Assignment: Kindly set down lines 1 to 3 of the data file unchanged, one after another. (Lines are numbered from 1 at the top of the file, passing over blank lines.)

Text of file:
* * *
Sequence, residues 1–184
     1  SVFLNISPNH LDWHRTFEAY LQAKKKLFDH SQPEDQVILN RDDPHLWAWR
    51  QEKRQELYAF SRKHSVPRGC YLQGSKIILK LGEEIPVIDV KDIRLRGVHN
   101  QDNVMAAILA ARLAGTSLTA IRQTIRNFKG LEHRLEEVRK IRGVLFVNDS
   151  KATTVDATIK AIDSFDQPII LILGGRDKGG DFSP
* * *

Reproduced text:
Sequence, residues 1–184
     1  SVFLNISPNH LDWHRTFEAY LQAKKKLFDH SQPEDQVILN RDDPHLWAWR
    51  QEKRQELYAF SRKHSVPRGC YLQGSKIILK LGEEIPVIDV KDIRLRGVHN